Monday, November 18, 2013

EdTechTeacher iPad Summit 2013 Redux

This year's EdTechTeacher iPad Summit has now come and gone, and like last year, it was a great mix of high-level discussion on the role of technology in education, and hands-on workshops involving a wide range of iOS apps for an even larger range of purposes. 

For anyone unfamiliar with the organization, EdTechTeacher grew out of a small summer workshop series about ten years ago, that centered on using internet technologies to teach History. The workshop series continued to grow, incorporating a wider swath of subject areas and teaching tools, and expanding to become a full-time venture. The group now works closely with a number of schools across the country on the development of sustainable technology integration strategies, which include a mix of face-to-face training sessions, and "blended" format professional development that span the course of the school year. In addition to serving essentially as a educational technology consultant group, EdTechTeacher have continued to organize workshops and conferences, most recently with a heavy focus on the iPad. The iPad Summit series began last year, and received so much acclaim, that the conference now pulls over a thousand attendees from a number of countries, and comprises three days of workshops and presentations geared towards everyone from district administrators to technology integration specialists to teachers, pre-K through higher education. That's a huge mix, especially as we in education tend to focus with laser-like precision on our own content areas and age groups.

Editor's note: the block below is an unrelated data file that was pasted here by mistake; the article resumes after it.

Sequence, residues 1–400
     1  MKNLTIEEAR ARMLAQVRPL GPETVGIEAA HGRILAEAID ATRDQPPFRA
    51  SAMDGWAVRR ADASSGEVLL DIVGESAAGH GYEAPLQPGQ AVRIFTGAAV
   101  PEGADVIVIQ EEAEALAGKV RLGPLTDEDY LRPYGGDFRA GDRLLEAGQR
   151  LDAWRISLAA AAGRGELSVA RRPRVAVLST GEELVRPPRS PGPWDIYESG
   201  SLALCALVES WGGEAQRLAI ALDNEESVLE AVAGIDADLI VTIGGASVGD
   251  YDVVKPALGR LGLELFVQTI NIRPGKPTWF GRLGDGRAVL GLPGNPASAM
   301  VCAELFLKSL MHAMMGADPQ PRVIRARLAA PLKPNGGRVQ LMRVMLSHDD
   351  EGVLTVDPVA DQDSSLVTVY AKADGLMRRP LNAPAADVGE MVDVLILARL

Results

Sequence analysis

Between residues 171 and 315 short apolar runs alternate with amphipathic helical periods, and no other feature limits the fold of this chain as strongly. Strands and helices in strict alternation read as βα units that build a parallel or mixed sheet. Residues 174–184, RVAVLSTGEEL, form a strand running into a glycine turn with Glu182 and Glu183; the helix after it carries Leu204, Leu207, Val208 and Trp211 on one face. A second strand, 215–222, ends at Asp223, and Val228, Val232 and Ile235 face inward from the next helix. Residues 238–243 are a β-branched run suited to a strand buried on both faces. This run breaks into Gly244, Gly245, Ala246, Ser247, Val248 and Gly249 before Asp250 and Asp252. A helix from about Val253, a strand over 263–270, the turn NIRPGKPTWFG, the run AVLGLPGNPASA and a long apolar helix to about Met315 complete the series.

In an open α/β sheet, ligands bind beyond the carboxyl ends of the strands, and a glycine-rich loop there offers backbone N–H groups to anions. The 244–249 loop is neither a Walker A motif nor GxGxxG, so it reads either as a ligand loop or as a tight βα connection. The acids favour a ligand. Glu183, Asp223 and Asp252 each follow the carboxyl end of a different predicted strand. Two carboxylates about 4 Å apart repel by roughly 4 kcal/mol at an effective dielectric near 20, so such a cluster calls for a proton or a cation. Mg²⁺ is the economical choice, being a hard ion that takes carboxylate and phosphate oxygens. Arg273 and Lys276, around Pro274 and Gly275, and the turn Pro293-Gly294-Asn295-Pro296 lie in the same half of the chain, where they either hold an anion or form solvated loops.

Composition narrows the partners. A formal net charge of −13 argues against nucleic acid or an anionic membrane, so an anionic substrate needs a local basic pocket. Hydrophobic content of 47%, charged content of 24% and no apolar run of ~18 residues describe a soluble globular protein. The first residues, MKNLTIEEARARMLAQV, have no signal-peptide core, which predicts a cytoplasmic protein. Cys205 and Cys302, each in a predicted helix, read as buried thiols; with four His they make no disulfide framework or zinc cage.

Such high accolades, along with the exponential rise in the number of schools going one-to-one with iPads in over the past couple of years, bodes for a heavily corporate, technology-hyping, constant-sales-pitch of a conference, yet the event is somehow wonderfully little of those. In fact, one of my favorite aspects of this conference is the lack of any of such "corporatism" (despite the huge number of vendors and sponsor advertisements lining the meeting halls at the Hynes Convention Center). EdTechTeacher seems to do a great job of recruiting well-known, heavy-thinking skeptics to deliver each morning's keynote address, who just as often dispel the myths of "technology determinism" as they do laud the importance of technology in connecting students with meaningful curricula . This year's keynote presenters were David Weinberger of the Harvard Library Innovation Lab, and Ruben Puentadura, board member of the New Media Consortium (best known for their annual "Horizon Report", which forecasts new technologies and their potential influence on education and learning) and father of the SAMR (Substitution, Augmentation, Modification, and Redefinition) model of instructional technology integration.